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Regional Anesthesia, Time to Hospital Discharge, and In-Hospital Mortality: A Propensity Score Matched Analysis
  1. Catherine M. Bulka, MPH*,
  2. Matthew S. Shotwell, PhD,
  3. Rajnish K. Gupta, MD*,
  4. Warren S. Sandberg, MD, PhD*,,§ and
  5. Jesse M. Ehrenfeld, MD, MPH*,,§
  1. *Department of Anesthesiology, Vanderbilt University Medical Center, Vanderbilt University School of Medicine, Nashville, TN
  2. Departments of Biostatistics, Vanderbilt University School of Medicine, Nashville, TN
  3. Departments of Biomedical Informatics, Vanderbilt University School of Medicine, Nashville, TN
  4. §Departments of Surgery, Vanderbilt University School of Medicine, Nashville, TN
  1. Address correspondence to: Jesse Ehrenfeld, MD, MPH, Department of Anesthesiology, Vanderbilt University Medical Center, 1301 Medical Center Dr., Suite 4648 The Vanderbilt Clinic, Nashville, TN 37232(e-mail: Jesse.ehrenfeld{at}vanderbilt.edu).

Abstract

Background and Objectives The anesthetic technique used during surgery can affect postoperative length of stay and outcomes, even after controlling for other clinically important factors. This study evaluated the impact of regional anesthesia (RA) compared with general anesthesia (GA) on the amount of time between leaving the operating room and hospital discharge and the odds of in-hospital mortality.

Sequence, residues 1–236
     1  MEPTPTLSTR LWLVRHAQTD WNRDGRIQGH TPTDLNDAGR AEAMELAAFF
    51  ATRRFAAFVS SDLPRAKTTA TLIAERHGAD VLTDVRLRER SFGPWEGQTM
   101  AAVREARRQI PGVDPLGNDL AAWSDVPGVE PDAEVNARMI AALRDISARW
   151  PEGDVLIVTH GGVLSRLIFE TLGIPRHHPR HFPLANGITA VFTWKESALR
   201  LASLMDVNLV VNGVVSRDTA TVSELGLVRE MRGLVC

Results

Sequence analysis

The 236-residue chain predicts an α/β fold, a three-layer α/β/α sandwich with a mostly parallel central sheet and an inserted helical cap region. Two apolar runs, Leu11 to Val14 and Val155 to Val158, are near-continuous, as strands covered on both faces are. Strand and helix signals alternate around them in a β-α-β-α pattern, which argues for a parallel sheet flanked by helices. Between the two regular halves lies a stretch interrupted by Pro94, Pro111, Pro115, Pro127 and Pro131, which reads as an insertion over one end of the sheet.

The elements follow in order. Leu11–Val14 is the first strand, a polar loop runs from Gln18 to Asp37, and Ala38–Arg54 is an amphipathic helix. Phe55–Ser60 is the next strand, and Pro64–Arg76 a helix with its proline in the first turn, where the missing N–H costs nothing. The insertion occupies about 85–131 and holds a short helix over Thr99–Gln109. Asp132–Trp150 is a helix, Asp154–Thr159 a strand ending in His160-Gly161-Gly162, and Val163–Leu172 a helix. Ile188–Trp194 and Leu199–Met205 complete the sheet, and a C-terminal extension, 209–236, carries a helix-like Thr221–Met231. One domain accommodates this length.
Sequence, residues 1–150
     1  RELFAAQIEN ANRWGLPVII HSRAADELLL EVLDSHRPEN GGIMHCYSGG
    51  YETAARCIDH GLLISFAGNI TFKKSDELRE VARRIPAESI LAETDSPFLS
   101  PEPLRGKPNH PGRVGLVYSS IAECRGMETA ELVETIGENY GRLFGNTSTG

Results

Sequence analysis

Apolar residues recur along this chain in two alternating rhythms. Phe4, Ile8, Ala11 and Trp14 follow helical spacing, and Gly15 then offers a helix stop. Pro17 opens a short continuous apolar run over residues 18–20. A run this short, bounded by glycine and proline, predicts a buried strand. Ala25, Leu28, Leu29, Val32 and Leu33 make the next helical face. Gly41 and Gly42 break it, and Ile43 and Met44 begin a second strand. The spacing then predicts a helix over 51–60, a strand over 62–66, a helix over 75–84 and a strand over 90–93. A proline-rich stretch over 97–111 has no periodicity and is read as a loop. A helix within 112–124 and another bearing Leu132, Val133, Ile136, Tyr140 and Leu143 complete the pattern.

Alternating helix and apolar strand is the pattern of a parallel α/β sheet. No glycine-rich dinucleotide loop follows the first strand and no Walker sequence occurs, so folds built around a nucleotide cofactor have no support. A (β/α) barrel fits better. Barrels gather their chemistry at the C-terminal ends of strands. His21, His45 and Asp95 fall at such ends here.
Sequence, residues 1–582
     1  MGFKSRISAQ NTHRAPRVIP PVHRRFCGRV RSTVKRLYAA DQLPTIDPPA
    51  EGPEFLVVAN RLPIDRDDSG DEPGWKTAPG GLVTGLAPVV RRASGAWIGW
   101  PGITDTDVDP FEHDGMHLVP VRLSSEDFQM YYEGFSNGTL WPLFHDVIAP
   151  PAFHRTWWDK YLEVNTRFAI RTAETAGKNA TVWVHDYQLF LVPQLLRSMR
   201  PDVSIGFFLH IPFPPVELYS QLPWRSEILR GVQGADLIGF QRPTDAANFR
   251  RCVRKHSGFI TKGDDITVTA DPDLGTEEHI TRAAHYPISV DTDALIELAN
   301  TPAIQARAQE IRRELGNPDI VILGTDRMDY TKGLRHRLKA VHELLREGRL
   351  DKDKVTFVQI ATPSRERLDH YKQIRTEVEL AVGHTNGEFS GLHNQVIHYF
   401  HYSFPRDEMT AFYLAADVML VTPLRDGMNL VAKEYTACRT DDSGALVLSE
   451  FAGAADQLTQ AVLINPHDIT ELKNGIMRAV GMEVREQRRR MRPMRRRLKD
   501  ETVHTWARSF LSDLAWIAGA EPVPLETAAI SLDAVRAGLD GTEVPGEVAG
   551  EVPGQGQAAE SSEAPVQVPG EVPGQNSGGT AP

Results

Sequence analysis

Methods Surgical patients admitted after surgery, who received RA, were matched to patients who received GA by propensity score in a 1:4 ratio. We measured the association between anesthetic technique and time to hospital discharge using Kaplan-Meier methods. In-hospital mortality was analyzed using a generalized estimating equation logistic regression model.

Results A total of 5870 inpatient surgical cases were analyzed; 1174 cases received RA and 4696 cases received GA. The median time to hospital discharge among patients who received RA was 67.6 hours compared with 71.9 hours among patients who received GA (P < 0.0001). A total of 86 cases died in the hospital after surgery; 7 were in the RA cohort and 79 were in the GA cohort. Receiving RA during surgery was associated with 64% lesser odds of dying in the hospital (odds ratio, 0.36; 95% confidence interval, 0.16–0.75), when adjusting for the number of postoperative days spent in the hospital.

Conclusions The study data provide evidence that median time to discharge is shorter when RA is used instead of GA, controlling for other clinically important factors. Additionally, RA use during surgery was associated with a decrease in in-hospital mortality. When an appropriate option, RA may facilitate faster hospital discharge and improve patient outcomes.

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Footnotes

  • The authors declare no conflict of interest.

    Supported by departmental funds.

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